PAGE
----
Thursday, March 30, 2017

Getting started with AWS

Cloud is all rage now. I am going with the assumption that the readers are familiar with what Cloud is. If not here are some quick starters (1, 2) to know more about the same. Along with the blogs on Big Data, I will also blog on Cloud Computing. So, have fun.

Practice, practice, practice - there is no other alternate to become good at something. The first step is to create an account with AWS here.

I won't be going through the sequence of steps for creating an account as it's the same as creating an account with any other site. You can provide your credit or debit card and you will be billed based upon your usage. Nothing more, nothing less.

Usage of what? AWS has 10's of services like EC2 for creating an instance in the Cloud, EBS for creating a block based storage and so on. They had been adding new services and new features on a regular basis. An instance is a virtual server in the cloud, on which you can deploy apps, do some processing etc. Depending on the service that has been used you will be billed automatically. Nothing less or nothing more. More about the pricing here and here.

As mentioned above, an EC2 service is for a Linux or a Windows instance. There are different EC2 pricing models (on-demand, spot, reserved, spot), here is the pricing for the on-demand instances. For these types of instances there is no commitment and you can demand when ever you want to. The pricing is rounded hourly, so if you use an instance for 5 minutes, still you will be charged for an entire hour. Don't worry the charge is very less, depending on the size of the server.

The hourly price depends on the OS (linux is cheaper than windows), region where you want the instance (Mumbai, North Virginia etc), size of the server (t2.nano being the cheapest and p2.16xlarge being the costliest). There had been so much competition in the Cloud space, the vendors had been cutting down the prices on a regular basis.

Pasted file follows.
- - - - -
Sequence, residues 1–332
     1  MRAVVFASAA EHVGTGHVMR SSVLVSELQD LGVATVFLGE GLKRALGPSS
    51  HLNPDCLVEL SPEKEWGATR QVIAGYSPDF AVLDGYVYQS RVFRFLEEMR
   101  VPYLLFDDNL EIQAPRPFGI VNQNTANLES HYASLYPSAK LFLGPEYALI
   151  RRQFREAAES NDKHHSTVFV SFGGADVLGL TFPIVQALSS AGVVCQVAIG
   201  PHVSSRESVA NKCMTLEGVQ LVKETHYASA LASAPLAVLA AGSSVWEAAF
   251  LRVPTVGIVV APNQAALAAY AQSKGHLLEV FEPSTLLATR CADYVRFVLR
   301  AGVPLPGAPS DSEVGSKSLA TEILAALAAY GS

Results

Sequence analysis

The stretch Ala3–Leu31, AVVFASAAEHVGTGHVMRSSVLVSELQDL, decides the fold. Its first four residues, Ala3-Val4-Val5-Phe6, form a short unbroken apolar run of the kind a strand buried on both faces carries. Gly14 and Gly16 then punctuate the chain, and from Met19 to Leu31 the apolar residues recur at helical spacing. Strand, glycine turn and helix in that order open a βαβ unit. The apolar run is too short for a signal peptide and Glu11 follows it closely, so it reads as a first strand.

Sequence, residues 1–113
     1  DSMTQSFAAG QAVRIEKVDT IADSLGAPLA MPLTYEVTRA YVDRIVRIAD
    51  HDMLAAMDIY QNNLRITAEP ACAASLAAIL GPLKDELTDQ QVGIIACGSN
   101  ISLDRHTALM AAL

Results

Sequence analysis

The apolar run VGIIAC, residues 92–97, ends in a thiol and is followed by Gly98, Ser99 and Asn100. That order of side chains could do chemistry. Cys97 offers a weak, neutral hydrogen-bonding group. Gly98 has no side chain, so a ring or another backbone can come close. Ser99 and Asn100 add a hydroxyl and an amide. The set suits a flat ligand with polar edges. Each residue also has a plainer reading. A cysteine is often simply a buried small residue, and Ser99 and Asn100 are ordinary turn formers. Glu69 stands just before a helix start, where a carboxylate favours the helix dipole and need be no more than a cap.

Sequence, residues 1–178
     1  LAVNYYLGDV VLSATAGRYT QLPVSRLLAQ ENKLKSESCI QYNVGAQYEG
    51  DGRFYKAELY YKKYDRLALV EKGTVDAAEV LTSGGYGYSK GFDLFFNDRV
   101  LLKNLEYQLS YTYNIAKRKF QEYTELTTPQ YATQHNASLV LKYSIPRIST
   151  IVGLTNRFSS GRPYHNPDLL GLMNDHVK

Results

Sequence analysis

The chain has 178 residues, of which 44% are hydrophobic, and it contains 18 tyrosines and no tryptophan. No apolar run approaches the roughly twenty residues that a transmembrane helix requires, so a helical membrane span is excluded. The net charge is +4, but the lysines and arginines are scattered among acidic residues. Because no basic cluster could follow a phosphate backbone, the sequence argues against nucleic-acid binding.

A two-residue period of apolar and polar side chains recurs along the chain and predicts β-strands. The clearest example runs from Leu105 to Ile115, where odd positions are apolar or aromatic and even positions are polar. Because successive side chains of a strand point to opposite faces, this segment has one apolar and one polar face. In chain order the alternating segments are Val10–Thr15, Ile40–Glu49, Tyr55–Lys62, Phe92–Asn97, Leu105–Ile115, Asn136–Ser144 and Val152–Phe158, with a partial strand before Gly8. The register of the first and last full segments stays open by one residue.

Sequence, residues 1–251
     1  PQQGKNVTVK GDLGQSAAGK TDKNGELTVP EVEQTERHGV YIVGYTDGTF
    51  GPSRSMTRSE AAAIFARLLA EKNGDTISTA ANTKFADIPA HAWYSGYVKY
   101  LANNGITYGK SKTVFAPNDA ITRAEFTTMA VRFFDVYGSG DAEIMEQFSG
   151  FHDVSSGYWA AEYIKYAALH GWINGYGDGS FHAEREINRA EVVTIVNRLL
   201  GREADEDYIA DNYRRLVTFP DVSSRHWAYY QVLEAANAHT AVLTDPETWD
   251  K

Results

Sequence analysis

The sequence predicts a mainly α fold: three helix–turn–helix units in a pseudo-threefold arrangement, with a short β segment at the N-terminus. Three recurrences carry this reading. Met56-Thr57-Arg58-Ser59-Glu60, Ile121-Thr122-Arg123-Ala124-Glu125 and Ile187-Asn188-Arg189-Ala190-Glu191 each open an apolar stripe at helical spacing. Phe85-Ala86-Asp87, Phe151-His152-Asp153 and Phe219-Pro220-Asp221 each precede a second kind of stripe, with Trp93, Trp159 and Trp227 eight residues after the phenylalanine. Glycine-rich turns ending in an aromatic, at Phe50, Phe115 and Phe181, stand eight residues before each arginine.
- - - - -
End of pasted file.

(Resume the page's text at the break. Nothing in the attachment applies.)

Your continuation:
While creating an instance in the Cloud, it's better to pick a smaller instance for the sake of learning so that we won't get a hefty bill at the end of month. For the sake of beginners, AWS gives a couple of freebies for the first one year once the account has been created. More details here. One of the freebie is 750 hours/month of t2.micro server (Windows and Linux) for 12 months. So, you can start an EC2 instance of t2.micro for one year and pay nothing for 1 year. If two instance are started then we can run it 6 months for free.

A thing of caution is to return the resource back to Amazon once you are done with it, this way AWS can allocate the resource to someone else and stop your billing. The billing starts for someone else.

Go ahead and create an account with AWS using the link here. And in the next blog, we will look into how to create an Linux instance in the Amazon Cloud and log into it. As time goes, we will look into some of the advanced features of the AWS Cloud.

1 comment:

  1. Good start, thanks for starting this,waiting for next article